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Kirsten Dixon

(Twelfth of 15 parts)

The idea

When I got married, my husband Carl owned an Alaska river rafting company. He would return to our home in Anchorage from long trips and tell me stories about his adventures -- the blueberries along the banks of a particular river, the fishing, or what food he cooked over the campfire in the evenings. One night, while we were dreaming out loud to each other, we made the decision to seek a life lived closer to nature. I wanted a garden with carrots that my babies could pull up from the ground, and Carl wanted to teach his children how to fish for salmon...

Kirsten Dixon

We’ve all had it here in the Far North with root vegetables and potatoes, braised meats and simmered stews. Although there is still snow on the ground for many of us, let’s get this party started and start eating like the springtime it is.

For me, spring begins with anything green (except cabbage), and I can’t think of a brighter way to bring color to the table than a platter filled with herb and seafood-stuffed fresh rolls.

Fresh rolls are stunning when they are done right, meaning that they are filled to capacity with plenty of herbs and greens, a little bit of some kind of vegetable, and in our kitchen, we usually add in seafood. Today I’m making our fresh rolls with recently caught Bering Sea opilio crab...

Kirsten Dixon
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Chili crab is an outrageously delicious but impossibly messy dish from Singapore made from crabs, chili sauce, lots of garlic, sugar and tomatoes all simmered into a thick, sticky stew and served over rice....

Kirsten Dixon

In the brilliant perfect day of spring, we’ve decided to “call” our winter season at the lodge. We’ll begin the process of preparing for break-up and the two-month transition into summer. Out with the snowshoes and skis and in with the garden equipment and vegetable seed packages.

Our last guests of the winter season have spent the day out with most of our crew sledding, dog mushing, snowshoeing, and skiing. We packed a big cooler full of deli sandwiches, a thermos of hot carrot soup, bags of trail mix and packages of cookies. We added in marshmallows and chocolate and big long skewers to make s’mores in the bonfire that will warm up the crew between sled hill runs...

Kirsten Dixon
Primary Category: 

In the brilliant perfect day of spring, we’ve decided to “call” our winter season at the lodge. We’ll begin the process of preparing for break-up and the two-month transition into summer. Out with the snowshoes and skis and in with the garden equipment and vegetable seed packages...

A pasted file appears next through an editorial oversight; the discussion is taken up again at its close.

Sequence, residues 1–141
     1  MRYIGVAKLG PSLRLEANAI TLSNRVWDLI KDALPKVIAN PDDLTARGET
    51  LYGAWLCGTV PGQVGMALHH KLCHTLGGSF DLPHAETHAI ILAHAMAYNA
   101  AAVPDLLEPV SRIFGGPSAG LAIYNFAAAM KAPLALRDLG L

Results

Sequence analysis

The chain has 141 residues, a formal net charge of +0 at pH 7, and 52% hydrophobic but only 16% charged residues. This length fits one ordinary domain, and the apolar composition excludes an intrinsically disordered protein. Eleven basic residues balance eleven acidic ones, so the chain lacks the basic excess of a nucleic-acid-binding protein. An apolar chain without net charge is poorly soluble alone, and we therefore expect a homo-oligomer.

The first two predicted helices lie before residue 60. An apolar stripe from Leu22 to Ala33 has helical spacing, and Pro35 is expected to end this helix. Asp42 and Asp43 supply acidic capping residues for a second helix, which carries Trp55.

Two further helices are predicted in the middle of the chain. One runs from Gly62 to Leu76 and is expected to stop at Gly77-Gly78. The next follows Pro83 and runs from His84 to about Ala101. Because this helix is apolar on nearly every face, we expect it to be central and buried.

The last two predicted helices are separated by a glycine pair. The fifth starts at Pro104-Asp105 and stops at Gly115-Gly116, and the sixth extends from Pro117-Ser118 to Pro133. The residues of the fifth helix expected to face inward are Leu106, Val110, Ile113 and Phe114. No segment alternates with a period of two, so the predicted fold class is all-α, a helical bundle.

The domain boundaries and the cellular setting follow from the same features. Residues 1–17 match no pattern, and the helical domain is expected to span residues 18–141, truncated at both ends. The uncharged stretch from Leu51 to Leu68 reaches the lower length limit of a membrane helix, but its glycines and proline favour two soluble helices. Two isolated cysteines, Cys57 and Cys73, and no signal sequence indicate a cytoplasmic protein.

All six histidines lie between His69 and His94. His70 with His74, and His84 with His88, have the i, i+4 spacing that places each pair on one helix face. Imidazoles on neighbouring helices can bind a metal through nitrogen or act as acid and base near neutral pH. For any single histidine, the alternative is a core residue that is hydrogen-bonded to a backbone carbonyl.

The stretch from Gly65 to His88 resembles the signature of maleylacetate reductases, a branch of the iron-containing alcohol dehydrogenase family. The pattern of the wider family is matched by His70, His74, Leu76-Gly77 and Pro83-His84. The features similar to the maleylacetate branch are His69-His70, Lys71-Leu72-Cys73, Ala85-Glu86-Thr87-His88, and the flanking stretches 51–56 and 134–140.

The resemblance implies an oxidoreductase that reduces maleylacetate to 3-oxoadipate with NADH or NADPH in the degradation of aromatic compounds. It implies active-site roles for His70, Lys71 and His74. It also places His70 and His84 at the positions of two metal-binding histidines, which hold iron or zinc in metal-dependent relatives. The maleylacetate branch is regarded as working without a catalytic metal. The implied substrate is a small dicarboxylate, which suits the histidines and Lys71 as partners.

Kirsten Dixon

Life is always an adventure living along the Iditarod Trail, but early March is an especially active time for those of us who live at Mile 198, the Finger Lake checkpoint. In our airplane-dependent world, weather is a constant topic of discussion and speculation around the kitchen table. Sometimes visitors might not be able to fly into the lake when expected. This past week we were wondering if the team of Iditarod checkpoint volunteers would be able to fly in. With giant snowflakes falling, we were relieved when the team of 17 checkers arrived at the last minute before the weather worsened...

Kirsten Dixon
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After days of preparation and anticipation, every year before the Iditarod starts, we have a little party of sorts for the checkers, the trailbreakers that might be passing through, for our guests and our staff....

Kirsten Dixon

Perhaps because I am packing my bags for London, everyone around my house has decided that fish and chips are a good idea for lunch today. I have a little bit of halibut as well as some fresh cod and I’ve decided to cook them both. Fish and chips are going onto the menu at our little café in Homer that opens in May, so it is good for us to get in a little pre-season practice anyway...

Kirsten Dixon
Primary Category: 

Perhaps because I am packing my bags for London, everyone around my house has decided that fish and chips are a good idea for lunch today. I have a little bit of halibut as well as some fresh cod and I’ve decided to cook them both....

Kirsten Dixon

In the depth of winter, whether it is snowy or icy, it is always a bit of slow-going getting our household underway in the mornings. Always a first step is to start the water kettle for coffee, often doing this in the glow of headlamps in a dark kitchen if the generator isn’t turned on yet. Even after thirty years of marriage and with many modern conveniences creeping into our backcountry lives, my husband insists on coffee being made the old-fashioned way by grinding beans at last minute and pouring hot water over the grounds through a filter...

Kirsten Dixon

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